Date of Award

December 2014

Degree Type


Degree Name

Master of Arts (MA)


Communication and Rhetorical Studies


Charles E. Morris, III


Authenticity, Iconoclasm, Memory, Rhetoric, Space, Women's Rights Movement

Subject Categories

Social and Behavioral Sciences


This project analyzes the rhetoric of the Women's Rights National Historical Park in Seneca Falls, New York as it expresses the historical context and effects of the 1848 Women's Rights Convention. With an eye towards feminist possibilities, the project traces the politics of emphasis and erasure by accounting for material, spatial and visual strategies in the Visitor Center and historic buildings. I argue that the park influences and reflects public memory of the early American women's rights movement that has rhetorical implications for modern iterations of the movements that follow.

Alongside archival research, I critically analyze the experience of the visitor, as indeed I position myself in my onsite research, through the park spaces, tours and exhibits. Beginning in the Visitor Center, the visual politics nominate a "universal sisterhood" and present a unified women's story which glosses over vitally important fissures in social movements' histories. In the Chapel and Stanton House tours, I argue that park ranger practices demonstrate an anxiety for what many in Tourism Studies call "objective authenticity." Here, material takes on particular, expert meaning which does not leave space for the tensions of public memories to come out. In the last chapter of analysis, I argue the anxiety over a contested image in the Visitor Center (the "Black Lesbian Feminist") reveals the controversy concerning the "appropriate" narrative the park ought to be telling about the movement. I use Roger Aden's reading of narratives and counternarratives concerning the NPS Independence Park in Philadelphia to analyze the clash of narratives in Seneca Falls. Using Cara Finnegan and Jiyeon Kang's analysis of iconoclasm in public sphere theory, I analyze the clash as it is symbolized by and superimposed through the anxiety over the specific image of the Black Lesbian Feminist.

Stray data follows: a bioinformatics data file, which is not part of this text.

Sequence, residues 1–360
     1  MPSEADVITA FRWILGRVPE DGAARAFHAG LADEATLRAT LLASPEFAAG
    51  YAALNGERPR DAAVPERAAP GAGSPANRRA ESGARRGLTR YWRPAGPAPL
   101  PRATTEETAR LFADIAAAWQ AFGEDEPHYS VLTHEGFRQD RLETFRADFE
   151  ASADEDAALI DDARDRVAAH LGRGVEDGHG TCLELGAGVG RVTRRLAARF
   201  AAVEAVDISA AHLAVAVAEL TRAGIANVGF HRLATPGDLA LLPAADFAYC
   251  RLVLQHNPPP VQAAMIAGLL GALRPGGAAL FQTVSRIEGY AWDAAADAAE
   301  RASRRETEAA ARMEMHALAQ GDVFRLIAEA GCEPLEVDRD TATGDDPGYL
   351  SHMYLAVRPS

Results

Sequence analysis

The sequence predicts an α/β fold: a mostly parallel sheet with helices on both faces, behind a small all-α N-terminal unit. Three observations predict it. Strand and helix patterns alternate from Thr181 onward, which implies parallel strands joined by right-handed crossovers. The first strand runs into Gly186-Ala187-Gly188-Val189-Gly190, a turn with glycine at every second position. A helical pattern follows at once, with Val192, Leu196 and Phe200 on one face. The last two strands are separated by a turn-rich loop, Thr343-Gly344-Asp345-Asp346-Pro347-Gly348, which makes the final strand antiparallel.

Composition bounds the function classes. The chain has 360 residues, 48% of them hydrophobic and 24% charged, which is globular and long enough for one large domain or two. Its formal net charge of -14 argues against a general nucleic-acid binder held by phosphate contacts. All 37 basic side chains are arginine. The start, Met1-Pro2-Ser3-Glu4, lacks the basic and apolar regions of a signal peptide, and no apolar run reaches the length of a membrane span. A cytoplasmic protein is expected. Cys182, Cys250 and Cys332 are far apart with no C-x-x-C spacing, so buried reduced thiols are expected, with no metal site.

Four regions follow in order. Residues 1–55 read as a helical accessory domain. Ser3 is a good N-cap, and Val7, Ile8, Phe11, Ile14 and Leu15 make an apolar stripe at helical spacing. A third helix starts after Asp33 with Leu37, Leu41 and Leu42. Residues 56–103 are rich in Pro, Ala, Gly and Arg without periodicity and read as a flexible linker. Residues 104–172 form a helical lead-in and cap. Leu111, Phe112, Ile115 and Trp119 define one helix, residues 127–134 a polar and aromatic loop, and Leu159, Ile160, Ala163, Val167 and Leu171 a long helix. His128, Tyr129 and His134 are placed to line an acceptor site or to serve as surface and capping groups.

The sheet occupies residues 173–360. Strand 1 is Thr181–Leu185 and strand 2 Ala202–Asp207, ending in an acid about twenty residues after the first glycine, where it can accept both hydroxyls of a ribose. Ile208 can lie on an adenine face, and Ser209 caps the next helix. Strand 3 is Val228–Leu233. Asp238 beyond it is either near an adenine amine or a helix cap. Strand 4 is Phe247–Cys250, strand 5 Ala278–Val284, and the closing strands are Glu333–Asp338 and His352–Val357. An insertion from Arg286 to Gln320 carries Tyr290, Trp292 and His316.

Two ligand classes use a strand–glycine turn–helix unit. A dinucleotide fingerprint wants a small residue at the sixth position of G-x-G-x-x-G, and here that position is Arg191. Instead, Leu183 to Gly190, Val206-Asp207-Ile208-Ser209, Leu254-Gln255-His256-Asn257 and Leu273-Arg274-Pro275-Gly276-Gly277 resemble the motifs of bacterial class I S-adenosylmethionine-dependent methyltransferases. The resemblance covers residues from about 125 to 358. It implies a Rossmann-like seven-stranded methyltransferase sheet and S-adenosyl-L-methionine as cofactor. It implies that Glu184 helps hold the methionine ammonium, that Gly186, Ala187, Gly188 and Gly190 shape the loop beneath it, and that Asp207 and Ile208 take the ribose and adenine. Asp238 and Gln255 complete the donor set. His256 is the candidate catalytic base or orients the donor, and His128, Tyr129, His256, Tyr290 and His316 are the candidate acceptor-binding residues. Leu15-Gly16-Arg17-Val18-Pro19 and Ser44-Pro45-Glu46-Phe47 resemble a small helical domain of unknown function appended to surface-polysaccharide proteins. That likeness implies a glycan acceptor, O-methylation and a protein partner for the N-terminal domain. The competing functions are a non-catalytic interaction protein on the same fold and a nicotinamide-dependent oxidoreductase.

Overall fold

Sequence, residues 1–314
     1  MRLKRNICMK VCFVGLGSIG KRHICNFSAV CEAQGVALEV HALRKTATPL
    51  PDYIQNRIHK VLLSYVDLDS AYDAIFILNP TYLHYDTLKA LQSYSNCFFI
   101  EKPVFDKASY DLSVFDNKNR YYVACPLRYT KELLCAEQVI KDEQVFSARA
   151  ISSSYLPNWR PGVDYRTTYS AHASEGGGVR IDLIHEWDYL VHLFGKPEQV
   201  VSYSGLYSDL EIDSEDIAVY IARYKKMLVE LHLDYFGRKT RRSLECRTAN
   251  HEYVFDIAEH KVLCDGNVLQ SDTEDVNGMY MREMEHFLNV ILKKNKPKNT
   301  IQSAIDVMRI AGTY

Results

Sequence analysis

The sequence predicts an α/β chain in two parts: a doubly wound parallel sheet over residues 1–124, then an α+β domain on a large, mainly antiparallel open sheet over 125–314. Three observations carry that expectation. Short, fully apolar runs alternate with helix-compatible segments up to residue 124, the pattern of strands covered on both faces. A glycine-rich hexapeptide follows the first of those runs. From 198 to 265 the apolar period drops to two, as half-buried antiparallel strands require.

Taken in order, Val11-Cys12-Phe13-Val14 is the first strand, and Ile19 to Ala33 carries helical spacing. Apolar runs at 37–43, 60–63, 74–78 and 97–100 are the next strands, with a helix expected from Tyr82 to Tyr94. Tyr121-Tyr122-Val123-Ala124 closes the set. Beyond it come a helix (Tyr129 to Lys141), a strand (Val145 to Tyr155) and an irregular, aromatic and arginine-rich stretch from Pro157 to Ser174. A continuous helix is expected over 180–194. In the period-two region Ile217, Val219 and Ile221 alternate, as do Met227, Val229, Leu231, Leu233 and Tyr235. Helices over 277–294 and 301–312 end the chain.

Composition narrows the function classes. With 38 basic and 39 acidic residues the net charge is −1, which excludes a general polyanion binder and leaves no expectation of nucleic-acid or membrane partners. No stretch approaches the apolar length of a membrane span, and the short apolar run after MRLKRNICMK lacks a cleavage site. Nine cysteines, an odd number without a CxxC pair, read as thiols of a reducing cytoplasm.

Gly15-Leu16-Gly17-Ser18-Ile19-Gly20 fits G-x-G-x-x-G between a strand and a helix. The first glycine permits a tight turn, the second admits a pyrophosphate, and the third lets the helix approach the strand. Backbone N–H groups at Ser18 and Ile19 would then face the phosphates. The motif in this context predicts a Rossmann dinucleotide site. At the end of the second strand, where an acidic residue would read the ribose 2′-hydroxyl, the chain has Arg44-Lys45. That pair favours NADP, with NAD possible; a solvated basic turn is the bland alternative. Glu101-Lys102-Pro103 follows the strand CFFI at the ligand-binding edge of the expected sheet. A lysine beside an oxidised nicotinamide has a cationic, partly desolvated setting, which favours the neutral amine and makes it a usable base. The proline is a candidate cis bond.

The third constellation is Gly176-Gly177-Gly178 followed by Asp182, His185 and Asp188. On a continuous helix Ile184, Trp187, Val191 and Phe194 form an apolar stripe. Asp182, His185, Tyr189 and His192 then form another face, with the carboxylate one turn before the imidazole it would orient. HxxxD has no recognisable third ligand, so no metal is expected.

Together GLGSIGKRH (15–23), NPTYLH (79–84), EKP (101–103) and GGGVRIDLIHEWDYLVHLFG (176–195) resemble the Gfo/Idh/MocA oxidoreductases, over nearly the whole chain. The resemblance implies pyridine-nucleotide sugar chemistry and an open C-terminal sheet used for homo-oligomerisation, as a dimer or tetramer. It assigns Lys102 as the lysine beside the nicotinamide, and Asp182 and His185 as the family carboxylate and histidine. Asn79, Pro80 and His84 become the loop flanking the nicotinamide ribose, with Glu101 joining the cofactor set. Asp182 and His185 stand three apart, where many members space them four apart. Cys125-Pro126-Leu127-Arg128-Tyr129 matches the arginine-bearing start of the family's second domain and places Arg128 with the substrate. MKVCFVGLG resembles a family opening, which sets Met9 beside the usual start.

Open Access



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